Reynier's troops struck in the early morning mist. Heudelet sent his leading brigade straight up the slope in a formation one company wide and eight battalions deep. When the leading regiment reached the top of the ridge, they found themselves facing the 74th Foot and two Portuguese battalions in line, plus 12 cannon. The French tried to change formation from column into a line. Pelet says, "The column began to deploy as if at an exercise." But the Allies brought intense musketry to bear. Soon, the French infantrymen were thrown into confusion. However, they clung to a precarious toehold on the ridge.
Several hundred yards to the north, Merle's division thrust up the ridge in a similar formation. Picton hurriedly massed his defenders by using the ridgetop road. Met at the crest by the 88th Foot and the 45th Foot and two Portuguese battalions in a concave line, the French tried unsuccessfully to deploy into line. Crushed by converging fire, the French fled down the slope. Merle was wounded while General of Brigade Jean François Graindorge fell mortally wounded. Wellington rode up to Colonel Alexander Wallace of the 88th and remarked, "Wallace, I have never witnessed a more gallant charge."
Seeing Heudelet's second brigade standing immobile at the foot of the ridge, Reynier rode up to BG Maximilien Foy and demanded an immediate attack. With the Allies out of position after defeating the first two attacks, Foy hit a weak spot in their defences. Fortuitously, the French struck the least prepared unit in the Allied army—a Portuguese militia unit—and routed it. But the morning mist cleared, revealing no enemies in front of the British right flank. Wellington had already ordered Leith to shift his men to the north to assist Picton. Before Foy's men could consolidate their gain, they were attacked by the 9th Foot and 38th Foot of Leith and some of Picton's men. The French were swept off the ridge and Foy wounded. After seeing this rout, Heudelet's other brigade withdrew to the base of the ridge.
Hearing gunfire, Ney assumed Reynier's men were enjoying success and ordered an attack. In this sector, the main highway climbed a long spur past the hamlets of Moura and Sula to reach the crest at the Convent of Bussaco. Against a very heavy British skirmish line, Loison's division fought its way forward. Near the crest, 1,800 men of the 43rd and 52nd infantry regiments lay down waiting. As Loison's leading brigade approached the convent grounds, the two British units stood up, fired a terrific volley at point blank range and charged with the bayonet. The French brigade collapsed and fled leaving BG Édouard Simon, their commander, wounded and a prisoner.
A short time later and slightly further south, Loison's second brigade under BG Claude François Ferey ran into a close-range fire from two batteries plus Anglo-Portuguese musketry. This unit was also routed. A final thrust by BG Antoine Louis Popon de Maucune's brigade of Marchand's division met defeat when it ran into Denis Pack's Portuguese brigade. The two sides occupied the rest of the day in vigorous skirmishing, but the French did not try to attack in force again.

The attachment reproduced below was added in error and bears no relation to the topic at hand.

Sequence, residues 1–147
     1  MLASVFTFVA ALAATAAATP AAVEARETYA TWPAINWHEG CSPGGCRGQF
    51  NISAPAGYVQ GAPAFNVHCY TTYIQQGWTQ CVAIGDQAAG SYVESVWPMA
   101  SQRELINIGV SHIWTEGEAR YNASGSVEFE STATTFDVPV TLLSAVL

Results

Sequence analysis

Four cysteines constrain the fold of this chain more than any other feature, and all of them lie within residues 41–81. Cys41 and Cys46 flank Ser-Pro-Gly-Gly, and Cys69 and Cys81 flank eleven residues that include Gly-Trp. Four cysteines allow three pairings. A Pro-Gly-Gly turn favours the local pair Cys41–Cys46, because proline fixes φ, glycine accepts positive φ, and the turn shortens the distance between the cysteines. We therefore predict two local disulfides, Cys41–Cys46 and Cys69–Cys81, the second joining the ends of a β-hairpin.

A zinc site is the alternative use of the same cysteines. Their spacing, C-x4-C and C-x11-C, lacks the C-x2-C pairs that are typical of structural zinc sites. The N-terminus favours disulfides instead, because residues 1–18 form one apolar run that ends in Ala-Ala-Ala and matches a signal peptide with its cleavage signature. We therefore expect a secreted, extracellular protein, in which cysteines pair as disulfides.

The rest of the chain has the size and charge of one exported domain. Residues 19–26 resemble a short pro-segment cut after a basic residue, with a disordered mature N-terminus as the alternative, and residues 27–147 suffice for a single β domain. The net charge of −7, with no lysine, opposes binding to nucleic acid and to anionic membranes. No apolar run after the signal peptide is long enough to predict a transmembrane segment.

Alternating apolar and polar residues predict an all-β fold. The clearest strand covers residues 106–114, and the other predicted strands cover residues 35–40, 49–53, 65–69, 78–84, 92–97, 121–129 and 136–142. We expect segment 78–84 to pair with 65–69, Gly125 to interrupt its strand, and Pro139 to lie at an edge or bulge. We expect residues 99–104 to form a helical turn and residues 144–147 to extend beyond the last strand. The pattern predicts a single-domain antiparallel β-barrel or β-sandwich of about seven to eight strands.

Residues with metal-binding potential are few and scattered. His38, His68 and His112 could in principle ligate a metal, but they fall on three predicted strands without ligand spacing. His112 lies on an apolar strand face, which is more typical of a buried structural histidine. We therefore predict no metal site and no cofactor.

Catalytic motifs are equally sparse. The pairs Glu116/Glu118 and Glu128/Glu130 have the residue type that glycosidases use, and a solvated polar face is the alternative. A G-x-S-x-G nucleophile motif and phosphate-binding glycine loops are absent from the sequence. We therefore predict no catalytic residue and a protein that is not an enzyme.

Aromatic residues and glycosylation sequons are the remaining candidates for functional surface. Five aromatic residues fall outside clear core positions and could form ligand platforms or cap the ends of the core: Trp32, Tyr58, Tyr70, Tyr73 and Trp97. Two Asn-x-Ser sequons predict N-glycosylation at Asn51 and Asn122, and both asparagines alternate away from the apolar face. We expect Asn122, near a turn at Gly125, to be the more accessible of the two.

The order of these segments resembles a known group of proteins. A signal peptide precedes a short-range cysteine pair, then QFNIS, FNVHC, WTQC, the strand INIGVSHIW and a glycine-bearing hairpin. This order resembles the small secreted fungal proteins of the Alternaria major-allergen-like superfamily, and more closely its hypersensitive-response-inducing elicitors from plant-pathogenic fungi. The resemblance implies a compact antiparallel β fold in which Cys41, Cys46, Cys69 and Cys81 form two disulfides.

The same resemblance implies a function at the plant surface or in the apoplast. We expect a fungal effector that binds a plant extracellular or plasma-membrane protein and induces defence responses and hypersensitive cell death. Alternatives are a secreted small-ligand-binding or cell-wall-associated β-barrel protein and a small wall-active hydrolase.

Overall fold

The French suffered 522 dead, 3,612 wounded, and 364 captured. The Allied losses numbered 200 dead, 1,001 wounded, and 51 missing. The British and Portuguese each lost exactly 626 men.
Masséna now realised the size of Wellington's forces and the strength of his defensive position, so that afternoon ordered troops to move off to the right on a hazardous but skilful move to outflank the position, reaching another road to the north just ahead of a Portuguese Corps that had been sent there to defend it.:262
Wellington, after spending the night in the convent, and finding his position turned, resumed the leisurely retreat of his army towards the, still being constructed, Lines of Torres Vedras.:263 He reached these in good order by 10 October.
This was the first major battle of the Peninsular War in which units of the reconstituted Portuguese Army fought, where the Portuguese troops played a prominent part and the victory served as a great morale boost to the inexperienced troops.
After probing the Lines in the Battle of Sobral on 14 October, Masséna found them too strong to attack and withdrew into winter quarters. Deprived of food for his men and harried by Anglo-Portuguese hit-and-run tactics, he lost a further 25,000 men captured or dead from starvation or sickness before he retreated into Spain early in 1811. This finally freed Portugal from French occupation except for the fortress of Almeida, near the frontier. During the retreat, several actions were fought, including the Battle of Sabugal.
Stranger from the Sea by Winston Graham features a visit to the front line by Ross Poldark, who is on a government fact-finding mission.